Professor - London Business School
Nuggets from the
Defining and measuring Judgment
Andrew speaks about how he came up with a framework to measure judgment. He also speaks about the nature of research he did to get to what was judgment and the variables that go in there. He also speaks about how the framework has evolved over time as he did his research and particularly speaks about the role of values in judgment.
Listen attentively; learn critically
Andrew speaks about the criticality of listening attentively to not just what is being said but also what is not being said. He says that the first element involved in judgment is about the quality of the data we consume, the extent to which we do our homework and our ability to ask the right questions to the people around us to get the information that really matters (than be inundated with volumes of information that may not be relevant).
Seek diversity, not validation
Andrew speaks about how we need to seek diverse inputs while going about a decision and not just look for people that reaffirm our view. He refers to Abraham Lincoln who had the reputation of assembling people around him that gave him a contra-view.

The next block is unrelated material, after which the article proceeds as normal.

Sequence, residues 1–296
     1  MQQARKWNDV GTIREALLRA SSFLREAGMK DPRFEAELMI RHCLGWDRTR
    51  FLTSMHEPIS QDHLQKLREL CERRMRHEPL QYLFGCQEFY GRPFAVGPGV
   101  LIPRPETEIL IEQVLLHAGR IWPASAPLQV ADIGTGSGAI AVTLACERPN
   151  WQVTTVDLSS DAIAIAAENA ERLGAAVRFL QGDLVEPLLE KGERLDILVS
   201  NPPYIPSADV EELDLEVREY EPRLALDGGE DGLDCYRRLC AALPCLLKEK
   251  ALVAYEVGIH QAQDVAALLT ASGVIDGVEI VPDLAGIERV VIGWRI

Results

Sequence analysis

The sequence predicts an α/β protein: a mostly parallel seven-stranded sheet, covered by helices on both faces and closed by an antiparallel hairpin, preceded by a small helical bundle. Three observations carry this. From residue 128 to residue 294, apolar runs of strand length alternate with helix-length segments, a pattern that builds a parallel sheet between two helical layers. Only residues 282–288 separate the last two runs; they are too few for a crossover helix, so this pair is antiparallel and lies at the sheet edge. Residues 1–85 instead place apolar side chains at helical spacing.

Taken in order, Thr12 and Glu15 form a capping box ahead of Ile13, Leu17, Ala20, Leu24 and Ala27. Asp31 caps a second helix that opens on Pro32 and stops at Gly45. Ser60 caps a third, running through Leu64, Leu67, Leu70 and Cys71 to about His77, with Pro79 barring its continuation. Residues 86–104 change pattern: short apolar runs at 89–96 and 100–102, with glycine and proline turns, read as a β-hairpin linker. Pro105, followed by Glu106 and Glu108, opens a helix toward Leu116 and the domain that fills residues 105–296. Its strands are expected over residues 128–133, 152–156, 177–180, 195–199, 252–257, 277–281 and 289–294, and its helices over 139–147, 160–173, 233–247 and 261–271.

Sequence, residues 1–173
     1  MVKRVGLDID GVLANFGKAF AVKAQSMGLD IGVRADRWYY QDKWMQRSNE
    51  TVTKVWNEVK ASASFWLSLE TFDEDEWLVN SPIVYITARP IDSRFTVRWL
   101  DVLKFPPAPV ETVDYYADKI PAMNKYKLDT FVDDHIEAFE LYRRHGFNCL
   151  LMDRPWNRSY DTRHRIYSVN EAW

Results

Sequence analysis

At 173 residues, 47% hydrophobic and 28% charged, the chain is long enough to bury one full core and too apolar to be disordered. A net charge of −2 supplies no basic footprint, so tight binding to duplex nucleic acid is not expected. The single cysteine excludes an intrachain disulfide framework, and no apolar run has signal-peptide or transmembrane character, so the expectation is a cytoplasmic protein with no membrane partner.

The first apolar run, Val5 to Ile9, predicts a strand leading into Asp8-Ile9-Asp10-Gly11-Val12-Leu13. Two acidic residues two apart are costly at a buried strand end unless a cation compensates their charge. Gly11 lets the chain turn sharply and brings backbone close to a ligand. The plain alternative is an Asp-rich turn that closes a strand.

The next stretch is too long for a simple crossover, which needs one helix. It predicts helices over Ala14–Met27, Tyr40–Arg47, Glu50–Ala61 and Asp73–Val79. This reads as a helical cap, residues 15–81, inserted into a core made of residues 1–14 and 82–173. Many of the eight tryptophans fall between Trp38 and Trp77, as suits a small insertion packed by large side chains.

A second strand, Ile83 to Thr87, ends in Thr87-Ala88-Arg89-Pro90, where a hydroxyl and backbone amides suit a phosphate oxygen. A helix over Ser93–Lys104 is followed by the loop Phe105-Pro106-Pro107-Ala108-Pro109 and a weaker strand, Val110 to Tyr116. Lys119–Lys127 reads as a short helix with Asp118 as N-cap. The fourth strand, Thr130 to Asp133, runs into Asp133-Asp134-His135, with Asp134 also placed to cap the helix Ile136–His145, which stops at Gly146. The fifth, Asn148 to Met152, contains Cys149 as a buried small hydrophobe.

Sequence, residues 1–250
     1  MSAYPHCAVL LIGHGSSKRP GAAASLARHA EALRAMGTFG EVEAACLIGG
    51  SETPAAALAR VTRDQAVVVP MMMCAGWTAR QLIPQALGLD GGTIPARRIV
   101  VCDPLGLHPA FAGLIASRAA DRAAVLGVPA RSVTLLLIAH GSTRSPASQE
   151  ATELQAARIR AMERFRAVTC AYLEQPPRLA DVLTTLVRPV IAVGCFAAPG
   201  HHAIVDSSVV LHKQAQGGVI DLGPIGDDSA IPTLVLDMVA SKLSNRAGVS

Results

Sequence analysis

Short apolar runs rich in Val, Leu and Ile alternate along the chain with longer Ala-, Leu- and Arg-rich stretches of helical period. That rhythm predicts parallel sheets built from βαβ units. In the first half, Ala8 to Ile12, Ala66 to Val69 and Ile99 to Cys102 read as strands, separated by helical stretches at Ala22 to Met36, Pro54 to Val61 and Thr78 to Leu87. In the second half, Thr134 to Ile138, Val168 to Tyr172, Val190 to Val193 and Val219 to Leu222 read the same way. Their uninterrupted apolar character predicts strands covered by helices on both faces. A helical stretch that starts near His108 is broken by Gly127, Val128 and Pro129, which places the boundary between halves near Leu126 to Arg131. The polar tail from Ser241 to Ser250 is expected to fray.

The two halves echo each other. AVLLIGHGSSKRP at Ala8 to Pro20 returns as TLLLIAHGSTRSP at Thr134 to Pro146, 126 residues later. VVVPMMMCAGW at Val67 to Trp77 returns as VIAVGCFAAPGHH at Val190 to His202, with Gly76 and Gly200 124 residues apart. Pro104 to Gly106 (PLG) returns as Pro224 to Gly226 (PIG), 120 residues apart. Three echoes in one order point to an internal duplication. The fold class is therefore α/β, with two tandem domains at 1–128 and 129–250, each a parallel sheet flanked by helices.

Keeping track of judgment run-rate
Andrew speaks about how leaders can keep track of the run rate of decisions they make. He speaks about how some sort of a reflection process (daily, weekly, yearly) could help you take stock of the key choices you have made and how you fared in them.
Identify, then challenge, biases
Andrew speaks about how we all have intellectual and emotional biases when we make decisions and he speaks about how we can minimize being influenced by the biases during such moments. He speaks about some tactical tips around how one of the organizations tackles this by unearthing prior biases that different people in the room might have towards a situation.
Question the solution set offered
One of the key elements of Judgment that Andrew speaks about is the notion of looking at the entire range of possibilities. Sometimes we fall into the bias of “what you see is what there is” during a transition. It is critical to ensure that we examine the entire range of possibilities before we take a call in a certain situation.
Judgment during COVID times
Andrew shares his perspectives around the criticality of the various steps involved in getting to a good judgment in these times. Given that there are so many unknowns for leaders to grapple with, and given that this is a once in a life-time crisis that all of us are facing, there is no real playbook for us to work with. In that context, Andrew underscores the importance of having the right process of getting to meaningful judgment.